The Adventures of Franco Corelli
I Ask the Fortune Teller
Up on the roof
where the witnesses mingle
the spelling glass.
Banging the table
in odd dissonance
Another pot of cold mushrooms
between the narrow boards.
The glass fogs.
In my breast pocket
not a sign.
I Seek Lodgings in Gallatia
(A Letter from my Agent)
"Concerning the houses of this city:
I will build thee a house
That he may incline our hearts unto him
That he shall play with his hand
That your error is fallen upon us.
"(Then was our mouth filled with laughter
and the birds filled with singing
and our plates filled with pasta.)
"As a child that is weaned of his mother
We will worship at his footstool
Like olive plants around thy table
And ye shall be broken in pieces."
Among the Philistines
This was speech at depth,
upshot from the chapter
entitled "The Vision in the Dark" --
He jumped up and barked
at the locked window
above the blockaded door.
The fool on the hill
also arrived before noon
And spoke to the Philistines,
inanities spilling off his tongue.
"A day or two later,
I was suddenly recalled
To my office, situated in Rome.
My expense account was being revised:
Forensic escapades in Gallatia were out."
Encamped with the Turks
Naked I seek the camp of those who desire nothing.
When it thrills as it fills every animate part,
Where lurks it?
The corn that makes the holy bread
Shall die forgotten all:
And the memory of Earth's bitter leaven
Go then merrily to Heaven.
Let sage and cynic prattle as he will
Be merry if you are wise. . .
"An ounce of mirth is worth a pound of sorrow."
Go to -- I will not hear of it tomorrow!
Arise! for the day is passing:
Be off, and to Parnassus flee
Lest the Romans capture thee!
Oh, leave the gay and festive scenes
And join the Turk Home Guard to fight.
For speak thou not as old fig-peddlers spake?--:
"In the name of the Prophet, figs!"
Lines From Memory
Suddenly, just by my ear,
It was a lover and his lass;
Carrying between them an awesome load --
a collection of antique glass.
On arriving at the top of the hill,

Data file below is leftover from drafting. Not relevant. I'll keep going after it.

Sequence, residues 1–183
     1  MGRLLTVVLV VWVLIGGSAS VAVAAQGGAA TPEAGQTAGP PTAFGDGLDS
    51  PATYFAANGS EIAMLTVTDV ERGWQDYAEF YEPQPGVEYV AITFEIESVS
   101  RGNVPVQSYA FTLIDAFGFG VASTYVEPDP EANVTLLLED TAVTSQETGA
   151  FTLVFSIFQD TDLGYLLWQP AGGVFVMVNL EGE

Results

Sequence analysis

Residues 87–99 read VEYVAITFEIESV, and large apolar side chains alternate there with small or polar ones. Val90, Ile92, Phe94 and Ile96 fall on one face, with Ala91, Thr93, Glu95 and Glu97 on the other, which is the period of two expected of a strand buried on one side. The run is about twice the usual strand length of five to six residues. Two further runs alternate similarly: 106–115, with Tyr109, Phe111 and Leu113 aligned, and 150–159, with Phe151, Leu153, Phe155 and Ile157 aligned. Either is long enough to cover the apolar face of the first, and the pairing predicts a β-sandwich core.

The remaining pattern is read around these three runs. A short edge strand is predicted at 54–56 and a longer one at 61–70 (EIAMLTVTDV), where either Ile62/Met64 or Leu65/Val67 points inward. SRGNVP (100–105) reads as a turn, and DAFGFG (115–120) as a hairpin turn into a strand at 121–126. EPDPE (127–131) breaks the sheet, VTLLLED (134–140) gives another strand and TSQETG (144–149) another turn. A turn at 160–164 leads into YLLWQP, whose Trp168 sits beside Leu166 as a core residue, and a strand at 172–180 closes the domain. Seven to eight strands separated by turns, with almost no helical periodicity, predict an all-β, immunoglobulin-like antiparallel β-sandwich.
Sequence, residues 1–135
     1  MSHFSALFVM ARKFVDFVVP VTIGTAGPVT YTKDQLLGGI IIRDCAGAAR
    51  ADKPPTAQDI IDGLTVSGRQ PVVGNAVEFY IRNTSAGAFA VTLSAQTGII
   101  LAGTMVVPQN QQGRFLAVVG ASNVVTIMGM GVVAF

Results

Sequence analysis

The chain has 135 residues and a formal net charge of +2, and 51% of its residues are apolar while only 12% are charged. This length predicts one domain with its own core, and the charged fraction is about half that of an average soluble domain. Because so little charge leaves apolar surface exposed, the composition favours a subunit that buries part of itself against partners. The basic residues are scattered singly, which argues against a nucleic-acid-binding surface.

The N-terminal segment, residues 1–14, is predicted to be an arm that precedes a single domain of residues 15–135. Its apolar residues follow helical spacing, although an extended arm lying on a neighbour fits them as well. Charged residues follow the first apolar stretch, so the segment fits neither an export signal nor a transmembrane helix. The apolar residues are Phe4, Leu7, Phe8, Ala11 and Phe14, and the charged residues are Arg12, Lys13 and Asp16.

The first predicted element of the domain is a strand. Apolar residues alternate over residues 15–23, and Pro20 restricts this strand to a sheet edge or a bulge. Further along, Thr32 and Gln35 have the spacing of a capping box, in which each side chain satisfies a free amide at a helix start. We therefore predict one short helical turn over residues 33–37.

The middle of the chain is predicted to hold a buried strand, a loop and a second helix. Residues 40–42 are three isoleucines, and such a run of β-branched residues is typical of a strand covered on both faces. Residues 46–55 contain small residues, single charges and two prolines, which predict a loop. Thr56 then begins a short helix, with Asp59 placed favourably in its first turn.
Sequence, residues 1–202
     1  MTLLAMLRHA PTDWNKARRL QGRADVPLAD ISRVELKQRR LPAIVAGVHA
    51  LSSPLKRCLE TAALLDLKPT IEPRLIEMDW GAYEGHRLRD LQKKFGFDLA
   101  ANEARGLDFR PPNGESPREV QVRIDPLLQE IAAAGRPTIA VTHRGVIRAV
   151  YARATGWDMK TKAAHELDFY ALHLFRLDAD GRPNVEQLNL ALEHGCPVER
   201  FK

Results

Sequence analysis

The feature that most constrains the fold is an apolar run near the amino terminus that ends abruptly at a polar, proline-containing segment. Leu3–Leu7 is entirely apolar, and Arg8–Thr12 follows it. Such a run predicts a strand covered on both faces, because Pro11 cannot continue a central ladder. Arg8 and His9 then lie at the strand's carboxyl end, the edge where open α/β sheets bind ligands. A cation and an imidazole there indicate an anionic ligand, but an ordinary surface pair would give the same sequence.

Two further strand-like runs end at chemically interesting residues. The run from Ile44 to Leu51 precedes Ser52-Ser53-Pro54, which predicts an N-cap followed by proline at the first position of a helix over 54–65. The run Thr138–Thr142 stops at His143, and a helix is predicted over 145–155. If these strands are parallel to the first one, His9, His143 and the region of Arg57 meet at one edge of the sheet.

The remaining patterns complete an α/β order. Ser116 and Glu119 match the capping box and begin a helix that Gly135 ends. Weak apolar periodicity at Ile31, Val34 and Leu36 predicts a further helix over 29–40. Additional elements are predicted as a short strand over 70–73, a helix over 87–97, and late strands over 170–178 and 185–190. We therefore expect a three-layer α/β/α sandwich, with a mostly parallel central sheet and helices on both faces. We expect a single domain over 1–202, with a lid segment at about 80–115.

There was no view beyond the woods
(It would have been but a glance):
I pressed on to the station
If the heart of a man is depress'd with cares,
Aspiring to have a mind,
Pray you now, forget and forgive
Rise in the heart, and gather in the eyes
Greet the unseen with cheer --
With a hip-hi-yeh! and a ho-hey-ho!
Most musical! Most melancholy!
On Sorting Through the Ancient Wisdom
Indians understood well enough
The most impressive accounts of our measures
When I had gone far enough across the island:
"What sort of fooling is this?"
Habit is the explanation;
Concerning our understanding,
it is the means by which we may amend
- our lives again.
Hearing the eternal complaint
Master was soon in our midst --
the only prayer they used
(Of course I quickly pointed out to them
that Roman law does not convict a man
before he has been tried.)
. . . I saw a woman clothed with the sun . . .
No man at all can be living forever
- and we must be satisfied.
"You don't want to die, do you?"
"I understand at last, sir!"
As a fatter of fact, Louis XIVth
was only five-foot-four
and cast a short shadow . . .
The Unnamed Poem
I was in a room without light:
The certitude of the reflective act
that shook all Christendom alive --
I Am That I Am That I Am --
will shake all Christendom awake . . .
And when they are all in full accord,
the moon is full, or close to full.
But I was in a room without light:
The trivialities of metres and measures
lights the real land of opportunity,
the lotus of this center: